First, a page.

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How to use sesame oil (and five favorite recipes)

How to use sesame oil (and five favorite recipes).

The phrase "a little goes a long way" describes sesame oil perfectly. Too much in a dish, and you notice it. Not enough, and you notice that, too. Just the right amount, a small amount, adds a heavenly, nutty, musky undertone to Asian stir-fry and sauces, and it's a key ingredient in my favorite all-purpose works-with-any-leftovers seasoning: three parts low-sodium soy sauce; two parts oyster sauce; and one part sesame oil.

Buy sesame oil at an Asian market (I'm partial to the Maruhon brand, recognizable by the red cap), and store it in your cupboard. My original ingredient post about sesame oil will tell you more.

Here are five of my favorite recipes that use sesame oil:

Bok choy stir fry with ginger and garlic.

This bok choy stir-fry with ginger and garlic gets a double dose of sesame from oil and seeds.

Cold sesame noodles (The Perfect Pantry).

I'm hopelessly addicted to these cold sesame noodles.

Chicken lo-mein noodles (The Perfect Pantry).

I'm also hopelessly addicted to these warm chicken lo-mein noodles, though I've been caught eating the leftovers cold, straight from the fridge.

Grilled sesame-lime shrimp and cucumber skewers.

Serve these grilled sesame-lime shrimp and cucumber skewers at your next party; you can cook them indoors on a panini press!

Everyone loves beef teriyaki on a stick!

These beef teriyaki skewers are another fun way to get your party started, and they're so much better than take-out.

What's your favorite way to use sesame oil?

Disclosure: The Perfect Pantry earns a few pennies on purchases made through the Amazon.com links in this post. Thank you for supporting this site when you start your shopping here.


I love sesame oil so much I like to open the bottle and smell it every time I go in the kitchen. I thought sesame oil like nut oils needed to be stored in the fridge?

Ellen, great question. I have never stored my sesame oil in the fridge. the only time I've had sesame oil go rancid was when I bought it at a health food store, and it turned out not to be the right type for Asian cooking. Refrigeration won't harm it, but I have never found it necessary.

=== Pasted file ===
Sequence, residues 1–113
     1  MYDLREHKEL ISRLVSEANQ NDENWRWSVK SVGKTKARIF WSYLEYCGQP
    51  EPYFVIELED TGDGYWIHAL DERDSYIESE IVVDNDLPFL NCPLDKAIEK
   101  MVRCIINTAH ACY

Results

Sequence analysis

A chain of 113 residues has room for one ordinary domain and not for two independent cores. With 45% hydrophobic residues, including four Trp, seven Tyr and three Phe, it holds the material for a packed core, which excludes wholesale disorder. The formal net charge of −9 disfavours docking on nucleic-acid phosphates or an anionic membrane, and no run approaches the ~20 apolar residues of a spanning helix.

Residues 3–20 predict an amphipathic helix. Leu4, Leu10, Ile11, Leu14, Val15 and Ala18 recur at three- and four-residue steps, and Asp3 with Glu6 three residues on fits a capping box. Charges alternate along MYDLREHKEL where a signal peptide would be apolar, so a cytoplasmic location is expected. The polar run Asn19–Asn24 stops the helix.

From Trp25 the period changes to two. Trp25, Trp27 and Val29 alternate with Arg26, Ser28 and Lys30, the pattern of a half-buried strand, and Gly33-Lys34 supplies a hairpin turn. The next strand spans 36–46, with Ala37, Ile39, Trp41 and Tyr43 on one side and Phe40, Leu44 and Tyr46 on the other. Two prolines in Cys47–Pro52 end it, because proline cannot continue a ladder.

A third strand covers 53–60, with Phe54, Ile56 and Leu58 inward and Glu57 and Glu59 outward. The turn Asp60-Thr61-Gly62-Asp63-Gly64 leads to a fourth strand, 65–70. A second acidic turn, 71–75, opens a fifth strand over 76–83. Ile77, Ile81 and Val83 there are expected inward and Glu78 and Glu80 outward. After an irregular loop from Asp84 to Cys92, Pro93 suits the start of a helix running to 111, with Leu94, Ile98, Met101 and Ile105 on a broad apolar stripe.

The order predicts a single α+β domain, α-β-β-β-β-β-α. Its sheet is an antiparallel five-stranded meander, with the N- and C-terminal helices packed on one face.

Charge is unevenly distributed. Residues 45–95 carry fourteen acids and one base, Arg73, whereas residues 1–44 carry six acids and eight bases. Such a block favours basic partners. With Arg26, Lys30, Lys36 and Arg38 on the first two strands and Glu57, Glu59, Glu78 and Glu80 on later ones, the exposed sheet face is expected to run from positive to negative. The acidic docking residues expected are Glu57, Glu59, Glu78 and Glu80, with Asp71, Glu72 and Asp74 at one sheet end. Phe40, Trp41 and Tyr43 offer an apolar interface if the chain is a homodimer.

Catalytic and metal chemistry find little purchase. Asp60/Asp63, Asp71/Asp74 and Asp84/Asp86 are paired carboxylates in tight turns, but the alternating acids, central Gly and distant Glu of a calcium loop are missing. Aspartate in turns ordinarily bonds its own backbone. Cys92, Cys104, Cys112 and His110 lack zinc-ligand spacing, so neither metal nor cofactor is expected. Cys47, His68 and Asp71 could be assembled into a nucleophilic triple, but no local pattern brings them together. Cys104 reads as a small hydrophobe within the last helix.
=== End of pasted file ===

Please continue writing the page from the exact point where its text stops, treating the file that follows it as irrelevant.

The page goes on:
I used to love sesame oil but unfortunately have developed an allergy to all things sesame! But some recipes I just make and leave it out - it lacks the 'certain something' the sesame brings to the party but oh well - it is better than hives!

Carol, is your allergy sesame-specific? You might try another nut oil, like walnut oil, in some of these recipes. (And yes, better than hives to leave it out altogether!)

Great post, and I am completely drooling over every one of the dishes you featured. I think it's definitely breakfast time here. Now I just wish I had leftover Chinese food to eat for breakfast.

I love toasted sesame oil. From macrobiotics, I was familiar with non-toasted sesame oil, so I always hope to see the specification 'toasted,' for clarity. I also have had black sesame oil and sesame-chili oil. All delicious. I find that recipes often call for more than I need for that wonderful taste, so I cut back by as much as 1/2. Lately I've been making Korean sauces with it, and the wonderful Nina Simonds Peanut Dipping Sauce I found right here!

I love sesame oil and I use it all the time to make stir fry. And like you, I also have been caught on occasion eating my lo mein cold straight from the fridge.

Kalyn, I have absolutely no willpower when it comes to leftover Chinese food, especially for breakfast, and especially when it's cold.

Susan, that peanut sauce is still my very favorite.

Jennifer, there is something completely irresistible about cold lo mein.

Lydia, I don't have enough leftover Chinese food in my fridge or my life.
I like sesame oil in stir fries and salad dressings.

Sesame oil is one of my favorite ingredients - I put it in everything I can think of - scrambled eggs, stir-fries, sauces, noodles, you name it. Your grilled shrimp looks really good - that's something I haven't tried with sesame oil.

If you cook with sesame oil be aware that it burns at quite low temperatures. I use it together with another higher temperature oil (eg canola) so that you get the sesame oil taste but no burning. I don't keep mune in the fridge either.

Fabulous tips for sesame oil! Gotta go pick me up a bottle now!

Threre are some awesome recipes here, I am a big fan of sesame oil :D


Kirsten, there's never enough Chinese food in the fridge!

Jeanette, I love sesame oil and still need to use it more often in my own cooking.

Katie, thanks, good advice.

Georgia, go!

CCU, enjoy!